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Pacific Southwest Research Station
800 Buchanan Street
Albany, CA 94710-0011
Research Topics Ecosystem Processes
About this Research:
Sierra Nevada Ecosystems
Effects of Off-Highway Vehicles (OHV) on Vertebrate Communities
Direct effects of OHV use include noise, compaction, collision, trampling, and simple physical presence of plant and wildlife species, and they can affect a wide array of trophic levels, ranging from primary producers to top predators. OHV use in California is growing along with the burgeoning population of the State. Managing this growth in a manner that is consistent with multiple land management objectives poses a mounting challenge to land managers and the OHV user community. Basic information on how various aspects of OHV use (e.g., presence, sound, physical effects) affect populations and habitat elements of interest and concern have thus far presented a barrier to informed OHV use management. This is particularly true in California, where the number of species of concern in the State is the second highest in the United States, following Hawaii. OHV use -- if not managed properly -- has the potential to jeopardize the long-term persistence of some species.
The purpose of this research is to assess the effects of Off Highway Vehicles (OHV) on forest-associated vertebrate species and the condition of their habitats. The study will determine how spatio-temporal factors related to OHV use affect vertebrate species, with particular emphasis on shifts in species assemblages, impacts to understory-associated species, the presence of top carnivores (e.g., marten, northern goshawk, and spotted owl), and the abundance and distribution of their primary prey.
To determine the effects of summer OHV use on the composition and structure of vertebrate assemblages, with emphasis on understory associates, top predators, and their prey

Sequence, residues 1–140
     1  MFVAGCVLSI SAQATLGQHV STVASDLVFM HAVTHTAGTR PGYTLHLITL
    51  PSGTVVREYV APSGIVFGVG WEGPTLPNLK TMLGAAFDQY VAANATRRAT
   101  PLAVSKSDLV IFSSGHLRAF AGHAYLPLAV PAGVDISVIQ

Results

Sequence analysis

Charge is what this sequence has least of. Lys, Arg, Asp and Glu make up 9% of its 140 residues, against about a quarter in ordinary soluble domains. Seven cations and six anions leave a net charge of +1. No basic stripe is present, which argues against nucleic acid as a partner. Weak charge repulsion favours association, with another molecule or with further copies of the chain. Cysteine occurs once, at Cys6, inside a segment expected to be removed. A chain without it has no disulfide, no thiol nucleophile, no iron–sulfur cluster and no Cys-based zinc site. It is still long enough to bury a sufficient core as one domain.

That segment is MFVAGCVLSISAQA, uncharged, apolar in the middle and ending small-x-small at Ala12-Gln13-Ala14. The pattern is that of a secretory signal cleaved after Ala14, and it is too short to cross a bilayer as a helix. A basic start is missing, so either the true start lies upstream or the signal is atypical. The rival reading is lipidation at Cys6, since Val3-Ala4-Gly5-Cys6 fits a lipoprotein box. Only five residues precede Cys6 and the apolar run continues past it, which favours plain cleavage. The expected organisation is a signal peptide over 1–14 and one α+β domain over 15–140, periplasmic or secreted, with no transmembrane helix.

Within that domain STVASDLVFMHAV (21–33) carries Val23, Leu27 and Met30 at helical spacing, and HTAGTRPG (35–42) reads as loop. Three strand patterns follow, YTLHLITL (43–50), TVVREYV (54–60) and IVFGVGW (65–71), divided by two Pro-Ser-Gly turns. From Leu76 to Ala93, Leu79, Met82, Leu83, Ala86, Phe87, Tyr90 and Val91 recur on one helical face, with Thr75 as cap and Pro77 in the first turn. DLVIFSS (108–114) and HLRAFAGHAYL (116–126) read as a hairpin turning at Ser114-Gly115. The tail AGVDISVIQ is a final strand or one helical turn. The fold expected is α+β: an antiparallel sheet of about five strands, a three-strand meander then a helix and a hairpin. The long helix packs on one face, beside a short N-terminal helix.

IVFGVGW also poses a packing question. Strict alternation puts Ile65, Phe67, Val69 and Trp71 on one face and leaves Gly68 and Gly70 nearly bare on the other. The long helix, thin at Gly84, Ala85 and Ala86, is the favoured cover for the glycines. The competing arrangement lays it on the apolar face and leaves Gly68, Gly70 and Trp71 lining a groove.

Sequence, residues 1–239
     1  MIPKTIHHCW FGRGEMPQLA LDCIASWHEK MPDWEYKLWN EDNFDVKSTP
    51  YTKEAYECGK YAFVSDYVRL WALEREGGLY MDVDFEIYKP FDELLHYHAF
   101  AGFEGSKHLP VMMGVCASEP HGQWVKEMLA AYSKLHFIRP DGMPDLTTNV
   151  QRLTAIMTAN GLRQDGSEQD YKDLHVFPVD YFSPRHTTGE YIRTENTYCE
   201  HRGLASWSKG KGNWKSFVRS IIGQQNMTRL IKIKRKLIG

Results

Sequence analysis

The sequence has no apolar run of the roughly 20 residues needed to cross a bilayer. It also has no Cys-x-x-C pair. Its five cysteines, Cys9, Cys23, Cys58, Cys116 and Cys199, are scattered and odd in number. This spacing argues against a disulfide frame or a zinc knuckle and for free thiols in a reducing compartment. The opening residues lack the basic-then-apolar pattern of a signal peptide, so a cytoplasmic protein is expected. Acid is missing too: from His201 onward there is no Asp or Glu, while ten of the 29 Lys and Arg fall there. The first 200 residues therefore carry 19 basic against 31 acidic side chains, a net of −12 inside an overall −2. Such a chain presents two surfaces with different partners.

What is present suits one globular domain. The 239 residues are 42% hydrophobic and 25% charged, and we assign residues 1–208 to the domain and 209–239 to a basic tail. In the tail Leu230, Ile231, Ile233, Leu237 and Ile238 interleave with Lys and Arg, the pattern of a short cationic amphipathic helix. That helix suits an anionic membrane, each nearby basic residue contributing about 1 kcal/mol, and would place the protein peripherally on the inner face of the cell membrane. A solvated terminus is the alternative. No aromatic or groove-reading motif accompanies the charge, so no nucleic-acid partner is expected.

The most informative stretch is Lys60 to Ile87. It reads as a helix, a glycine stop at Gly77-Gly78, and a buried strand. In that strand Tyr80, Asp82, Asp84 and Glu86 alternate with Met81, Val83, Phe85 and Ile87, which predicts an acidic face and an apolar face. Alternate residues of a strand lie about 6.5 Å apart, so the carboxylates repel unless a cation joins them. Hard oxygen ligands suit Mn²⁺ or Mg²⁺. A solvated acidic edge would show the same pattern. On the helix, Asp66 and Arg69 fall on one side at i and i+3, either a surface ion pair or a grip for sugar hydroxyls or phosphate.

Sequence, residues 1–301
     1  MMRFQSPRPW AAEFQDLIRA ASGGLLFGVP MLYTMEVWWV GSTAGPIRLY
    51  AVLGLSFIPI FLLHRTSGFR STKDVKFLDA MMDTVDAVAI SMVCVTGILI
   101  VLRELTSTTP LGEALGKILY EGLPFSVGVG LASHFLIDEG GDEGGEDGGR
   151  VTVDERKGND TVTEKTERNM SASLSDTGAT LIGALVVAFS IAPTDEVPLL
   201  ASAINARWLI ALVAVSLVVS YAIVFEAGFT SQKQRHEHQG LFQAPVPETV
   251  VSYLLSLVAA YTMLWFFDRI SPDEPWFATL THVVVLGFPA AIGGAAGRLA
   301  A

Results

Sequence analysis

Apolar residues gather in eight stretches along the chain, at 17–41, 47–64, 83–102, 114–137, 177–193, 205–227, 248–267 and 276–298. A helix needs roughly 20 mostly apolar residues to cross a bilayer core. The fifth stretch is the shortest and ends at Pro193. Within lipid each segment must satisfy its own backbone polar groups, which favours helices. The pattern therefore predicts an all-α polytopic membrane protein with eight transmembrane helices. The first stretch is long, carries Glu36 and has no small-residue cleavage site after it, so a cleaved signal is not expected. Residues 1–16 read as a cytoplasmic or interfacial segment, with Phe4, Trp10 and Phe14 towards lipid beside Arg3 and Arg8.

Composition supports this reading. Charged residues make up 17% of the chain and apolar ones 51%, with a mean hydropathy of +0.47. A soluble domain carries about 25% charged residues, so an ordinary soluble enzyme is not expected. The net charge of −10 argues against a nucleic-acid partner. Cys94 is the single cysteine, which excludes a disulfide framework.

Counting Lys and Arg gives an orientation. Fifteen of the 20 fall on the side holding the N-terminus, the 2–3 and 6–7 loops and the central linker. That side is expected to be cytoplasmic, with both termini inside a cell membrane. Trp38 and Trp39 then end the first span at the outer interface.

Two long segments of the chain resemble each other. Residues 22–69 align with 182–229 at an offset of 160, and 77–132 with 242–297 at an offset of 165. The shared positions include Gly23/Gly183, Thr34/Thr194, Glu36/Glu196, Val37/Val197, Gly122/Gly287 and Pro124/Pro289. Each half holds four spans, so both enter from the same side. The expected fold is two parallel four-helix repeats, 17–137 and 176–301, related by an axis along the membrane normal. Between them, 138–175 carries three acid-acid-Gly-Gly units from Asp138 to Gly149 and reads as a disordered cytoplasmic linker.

To determine the differential effects of fragmentation, vehicle presence, and noise on vertebrate assemblages
To evaluate the effects of proximity and intensity of use on nest site selection for understory bird species, movement of small mammal species, and daily activity patterns of carnivore species
Methods and Design
The study is being conducted in the central Sierra Nevada between 6000 and 9000 ft in elevation. Sites have snow in the winter, so they experience winter use by snowmobiles and skiers, as well as summer use. Study sites are paired use and non-use 9 km 2 areas that are further subdivided into nine, 1 km 2 sample units. Each sample unit is sampled for plants and animals, and use is sampled along roads and trails in use areas, and along established transects in non-use areas. Sampling occurs from May through September.
Animal sampling consists of point counts for small birds, small mammal live-trapping for small mammals, baited trackplate and camera stations for larger mammals, and broadcast calling for raptors. In addition, nests of eight focal bird species are located and characteristics of nest sites are recorded, along with the characteristics of a randomly located site in close proximity. Vegetation structure and composition are sampled using a wide range of plot and transect methods.
Recreational use is characterized in multiple ways for each sample unit. The density of roads and trails is quantified based on map and ground reconnaissance. The intensity of use is calculated based on a combination of walking surveys, trailmaster counters, and sound recordings. Sound exposure is calculated based on sound recordings.
As of the close of 2006, five pairs of sample sites have been sampled. If field data collection continues in 2007, two additional pairs of sites will be sampled. The study is scheduled to conclude in 2008.
Application of Research Results
The results of the study will be applied to route designation and the management of OHV use at designated sites. It has already been used to inform the design of wildlife monitoring at OHV use areas.
The study area is located in the central Sierra Nevada on three National Forests: Lake Tahoe Basin Management Unit, Eldorado NF, and Humboldt-Toiyabe NF.
1) Manley, Patricia N.; 2) Campbell, Lori A.
USDA Forest Service
Publications and Reports
Manley, P.N. and L.A. Campbell. In prep. Interim report: implementation of the Vertebrate Assemblage OHV study.
Manley, P. N., Stumpf, Joshua P., and Davis, Wesley B. 2004. Pilot test of programmatic approach to monitoring winter conditions and trends of wildlife populations and habitats in Off-Highway Vehicle use areas. Unpublished report submitted to U.S. Forest Service, Pacific Southwest Region, 1323 Club Drive, Vallejo, CA .
|Last Modified: Aug 29, 2016 10:56:30 AM|